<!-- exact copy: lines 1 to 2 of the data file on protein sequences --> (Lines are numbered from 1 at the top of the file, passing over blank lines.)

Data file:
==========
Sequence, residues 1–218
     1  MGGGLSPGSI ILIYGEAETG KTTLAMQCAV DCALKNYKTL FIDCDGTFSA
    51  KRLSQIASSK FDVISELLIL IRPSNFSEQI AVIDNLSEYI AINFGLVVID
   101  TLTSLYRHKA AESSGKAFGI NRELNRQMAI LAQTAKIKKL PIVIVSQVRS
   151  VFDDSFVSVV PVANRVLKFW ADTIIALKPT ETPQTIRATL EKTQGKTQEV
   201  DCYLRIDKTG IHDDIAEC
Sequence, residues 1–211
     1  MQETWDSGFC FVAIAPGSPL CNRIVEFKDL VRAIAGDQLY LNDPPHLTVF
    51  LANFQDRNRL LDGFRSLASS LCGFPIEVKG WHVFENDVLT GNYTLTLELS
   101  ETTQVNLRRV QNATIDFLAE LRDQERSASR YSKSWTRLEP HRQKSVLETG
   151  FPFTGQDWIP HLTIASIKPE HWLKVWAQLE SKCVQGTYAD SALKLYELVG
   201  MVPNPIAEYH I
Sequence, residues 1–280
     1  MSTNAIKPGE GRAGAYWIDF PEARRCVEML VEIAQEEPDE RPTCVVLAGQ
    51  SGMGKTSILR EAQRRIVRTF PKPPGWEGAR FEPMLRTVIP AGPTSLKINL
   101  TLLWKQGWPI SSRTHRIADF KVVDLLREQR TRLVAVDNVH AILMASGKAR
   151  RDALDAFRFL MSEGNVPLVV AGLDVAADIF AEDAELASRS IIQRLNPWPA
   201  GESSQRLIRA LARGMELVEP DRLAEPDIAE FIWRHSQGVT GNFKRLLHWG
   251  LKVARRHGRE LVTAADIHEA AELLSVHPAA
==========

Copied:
Sequence, residues 1–218
     1  MGGGLSPGSI ILIYGEAETG KTTLAMQCAV DCALKNYKTL FIDCDGTFSA